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ID 1094

Forming New Short-term Memories (2)

Professor Ron Davis describes how memories are formed through the addition of new synapses.
The importance of this observation is the fact that many of us in the past, many of us in the field of learning and memory, have thought that memories formed through the strength of synapses. For example, if we learned about an odor, we might perceive an odor and that might be represented by the activity of a certain set of synapses. After we learned about the odor, we have imagined, and there's evidence for this, that the magnitude of the synaptic activity changes. So they increase their activity. What we’ve demonstrated, is this is a different type of how memories are formed, basically it’s not through a change in the magnitude of synaptic activity but it’s the addition of new synapses into the representation of that sensory information.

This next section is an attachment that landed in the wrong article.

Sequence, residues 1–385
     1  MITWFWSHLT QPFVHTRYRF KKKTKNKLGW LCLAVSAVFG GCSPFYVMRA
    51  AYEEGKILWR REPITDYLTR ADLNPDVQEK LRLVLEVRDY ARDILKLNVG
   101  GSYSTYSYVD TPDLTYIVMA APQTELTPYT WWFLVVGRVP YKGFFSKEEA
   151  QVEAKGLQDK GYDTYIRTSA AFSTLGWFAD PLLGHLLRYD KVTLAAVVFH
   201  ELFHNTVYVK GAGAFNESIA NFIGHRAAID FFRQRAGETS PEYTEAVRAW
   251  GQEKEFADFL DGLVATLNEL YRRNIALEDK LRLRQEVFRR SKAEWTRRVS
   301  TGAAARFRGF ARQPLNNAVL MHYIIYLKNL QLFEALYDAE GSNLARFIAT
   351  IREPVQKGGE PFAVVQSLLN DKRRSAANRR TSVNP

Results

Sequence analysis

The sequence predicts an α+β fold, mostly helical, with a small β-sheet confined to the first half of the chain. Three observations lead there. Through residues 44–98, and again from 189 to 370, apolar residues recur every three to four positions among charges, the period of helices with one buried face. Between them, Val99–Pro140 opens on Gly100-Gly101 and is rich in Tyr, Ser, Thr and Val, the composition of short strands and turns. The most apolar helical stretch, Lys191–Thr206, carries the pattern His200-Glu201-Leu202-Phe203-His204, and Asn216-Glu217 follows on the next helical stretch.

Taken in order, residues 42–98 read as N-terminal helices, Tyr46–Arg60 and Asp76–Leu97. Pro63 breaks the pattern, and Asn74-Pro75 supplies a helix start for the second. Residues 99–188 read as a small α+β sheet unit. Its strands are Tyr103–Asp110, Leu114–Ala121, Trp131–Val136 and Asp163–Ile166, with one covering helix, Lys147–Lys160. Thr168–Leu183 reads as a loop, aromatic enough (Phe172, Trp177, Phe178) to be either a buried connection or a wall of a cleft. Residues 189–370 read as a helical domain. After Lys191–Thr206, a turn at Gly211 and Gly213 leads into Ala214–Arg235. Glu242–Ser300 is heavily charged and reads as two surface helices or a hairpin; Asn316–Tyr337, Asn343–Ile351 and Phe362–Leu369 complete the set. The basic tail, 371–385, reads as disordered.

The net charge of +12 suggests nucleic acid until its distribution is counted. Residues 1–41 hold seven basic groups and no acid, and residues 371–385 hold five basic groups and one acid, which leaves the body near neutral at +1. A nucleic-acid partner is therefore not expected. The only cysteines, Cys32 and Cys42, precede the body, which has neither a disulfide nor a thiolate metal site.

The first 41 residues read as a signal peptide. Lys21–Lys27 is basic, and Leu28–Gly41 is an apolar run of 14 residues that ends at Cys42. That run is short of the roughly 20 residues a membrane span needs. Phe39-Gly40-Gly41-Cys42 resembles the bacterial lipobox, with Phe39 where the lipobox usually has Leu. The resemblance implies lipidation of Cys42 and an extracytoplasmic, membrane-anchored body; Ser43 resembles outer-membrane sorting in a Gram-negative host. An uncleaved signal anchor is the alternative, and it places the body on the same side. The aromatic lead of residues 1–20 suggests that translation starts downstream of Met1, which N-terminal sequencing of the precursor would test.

memory, formation, learning, synapse, synaptic, growth, activity, development, ron, davis
Creative Commons License This work by Cold Spring Harbor Laboratory is licensed under a Creative Commons Attribution-Noncommercial-No Derivative Works 3.0 United States License.

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